Governor Murphy Announces new Office on Climate Action & the Green Economy Statement from Debra Coyle McFadden, Executive Director, NJ Work Environment Council Today, February 16, 2021, Governor Murphy signed a Executive Order 221 to create a new climate office with the goal to advance economic opportunities in an equitable manner in the new green economy. This includes the transition to clean renewable energy. The Office of Climate Action and the Green Economy will also oversee a newly created Council on the Green Economy that will advise on workforce development for tomorrow’s green economy jobs. Emphasis was placed on ensuring inclusion for BIPOC and low-income communities and good jobs. Governor Murphy also announced investments of approximately $100 million from the Regional Green House Gas Initiative and Volkswagen settlement dollars, which will be invested in the transportation sector to reduce greenhouse gas emissions with a major emphasis on electrification and prioritizing environmental justice communities. Debra Coyle McFadden made the following statement: This is a big day for the environment and workers here in New Jersey. Since June 2020, WEC and our partners in Jersey Renews, have been advocating for a Just Green Recovery to help rebuild the economy from the devastating impacts caused by COVID-19 which led to [...]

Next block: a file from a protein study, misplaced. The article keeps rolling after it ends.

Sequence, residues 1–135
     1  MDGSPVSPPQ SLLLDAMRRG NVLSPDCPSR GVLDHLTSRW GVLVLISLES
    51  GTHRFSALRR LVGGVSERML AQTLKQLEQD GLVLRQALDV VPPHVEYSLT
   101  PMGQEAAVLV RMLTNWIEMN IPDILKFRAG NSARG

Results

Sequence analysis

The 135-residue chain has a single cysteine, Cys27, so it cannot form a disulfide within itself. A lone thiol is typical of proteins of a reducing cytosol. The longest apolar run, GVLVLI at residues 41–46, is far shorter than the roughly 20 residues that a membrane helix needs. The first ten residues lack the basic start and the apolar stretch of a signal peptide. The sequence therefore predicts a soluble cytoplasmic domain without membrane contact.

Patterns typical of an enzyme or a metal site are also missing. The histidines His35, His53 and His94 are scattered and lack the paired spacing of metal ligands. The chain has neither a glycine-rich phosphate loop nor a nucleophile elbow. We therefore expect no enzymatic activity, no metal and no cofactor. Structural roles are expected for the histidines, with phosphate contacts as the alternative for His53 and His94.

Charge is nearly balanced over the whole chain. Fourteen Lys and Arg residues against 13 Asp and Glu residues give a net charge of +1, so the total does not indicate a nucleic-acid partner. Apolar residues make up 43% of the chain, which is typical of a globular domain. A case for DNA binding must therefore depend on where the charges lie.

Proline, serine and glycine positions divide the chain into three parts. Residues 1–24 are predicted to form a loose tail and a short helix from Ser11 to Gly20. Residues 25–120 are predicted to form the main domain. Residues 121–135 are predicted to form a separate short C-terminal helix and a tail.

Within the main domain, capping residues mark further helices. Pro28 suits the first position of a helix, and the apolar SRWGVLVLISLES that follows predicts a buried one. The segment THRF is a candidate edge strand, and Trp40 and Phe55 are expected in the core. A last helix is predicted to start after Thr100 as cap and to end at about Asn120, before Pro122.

Press Release For Immediate Release: February 3, 2021 Contact: Debra Coyle McFadden Cell: 609/707-1320 Email: firstname.lastname@example.org WEC, National COSH, and 100+ Worker Groups Release 2021 “Agenda for Worker Safety and Health” OSHA a catastrophic failure during pandemic -- agenda outlines how Biden-Harris Administration can protect workers and rebuild our economy As we hit the one-year anniversary of COVID-19 entering the United States, frontline and essential workers across the country continue to grapple with deadly conditions at their jobs. To save lives and get us back to work safely, the National Council for Occupational Safety and Health (National COSH), NJ Work Environment Council (WEC), along with 100+ other organizations today released an eight-point “National Agenda for Worker Safety and Health”. “Workers are sick, broke and dying -- because so far during this pandemic, employers, OSHA and our federal government have failed to protect workers from the risk of infectious disease,” said Jessica Martinez, National COSH’s co-executive director. Endorsed by more than 100 worker and community-based organizations including United Steelworker District 4 and Health Professionals and Allied Employees, the National Agenda is a bold, transformational vision for the future of worker health and safety in the U.S. The agenda brings together ideas, based on real experience in our workplaces, to confront the COVID-19 pandemic and other longstanding workplace [...]